Virtual Tour - Section 05 A
Carbon Sequestration in Mangrove Ecosystem
Mangrove ecosystems are highly efficient at sequestering carbon, making them an important natural solution to climate change. Here’s how carbon sequestration works in mangrove ecosystems:
Mangrove trees absorb carbon dioxide (CO2) from the atmosphere during photosynthesis and store the carbon in their tissues. The carbon is then transferred to the soil through the decomposition of leaves, roots, and other plant material.
The soil in mangrove ecosystems is composed of deep layers of organic matter, which can store carbon for centuries or even millennia. The carbon is stored in the form of peat, which is a type of soil that is formed by the accumulation of partially decayed plant material.
Mangrove ecosystems can sequester large amounts of carbon over time. It is estimated that mangrove forests can store up to four times more carbon per hectare than tropical rainforests.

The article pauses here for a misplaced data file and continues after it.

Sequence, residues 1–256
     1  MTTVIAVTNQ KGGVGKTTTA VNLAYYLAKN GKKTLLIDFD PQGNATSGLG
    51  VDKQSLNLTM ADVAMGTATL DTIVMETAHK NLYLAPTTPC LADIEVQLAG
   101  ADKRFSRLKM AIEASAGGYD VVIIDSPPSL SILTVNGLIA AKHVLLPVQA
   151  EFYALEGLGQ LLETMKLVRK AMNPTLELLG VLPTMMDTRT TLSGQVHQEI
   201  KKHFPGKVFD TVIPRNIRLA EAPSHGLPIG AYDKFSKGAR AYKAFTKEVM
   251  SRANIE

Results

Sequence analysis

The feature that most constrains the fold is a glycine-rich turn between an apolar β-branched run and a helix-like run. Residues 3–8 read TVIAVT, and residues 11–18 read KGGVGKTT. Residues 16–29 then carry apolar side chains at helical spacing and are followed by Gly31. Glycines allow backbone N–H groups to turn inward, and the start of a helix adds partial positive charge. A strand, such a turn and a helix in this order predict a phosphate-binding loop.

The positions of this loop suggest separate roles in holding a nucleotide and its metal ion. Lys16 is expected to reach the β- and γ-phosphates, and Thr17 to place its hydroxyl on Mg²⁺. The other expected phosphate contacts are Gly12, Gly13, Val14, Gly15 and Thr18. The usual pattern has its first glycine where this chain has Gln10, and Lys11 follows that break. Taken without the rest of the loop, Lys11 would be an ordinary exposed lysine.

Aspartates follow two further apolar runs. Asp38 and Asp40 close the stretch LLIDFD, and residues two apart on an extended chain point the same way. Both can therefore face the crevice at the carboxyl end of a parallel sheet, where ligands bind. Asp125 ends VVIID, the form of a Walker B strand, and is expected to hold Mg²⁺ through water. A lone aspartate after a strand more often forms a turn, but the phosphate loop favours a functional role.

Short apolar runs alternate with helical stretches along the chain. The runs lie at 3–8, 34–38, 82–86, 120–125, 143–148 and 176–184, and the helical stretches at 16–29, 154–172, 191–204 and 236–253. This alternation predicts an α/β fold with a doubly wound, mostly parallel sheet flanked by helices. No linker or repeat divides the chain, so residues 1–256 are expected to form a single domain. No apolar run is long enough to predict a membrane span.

Mangrove ecosystems are under threat from human activities, such as deforestation and coastal development. When mangrove forests are destroyed, the carbon stored in the soil is released into the atmosphere, contributing to climate change.
Overall, the carbon sequestration capacity of mangrove ecosystems highlights the importance of their conservation and restoration for mitigating the impacts of climate change. Protecting and restoring mangrove ecosystems can help to preserve their carbon storage capacity and support sustainable development in coastal communities.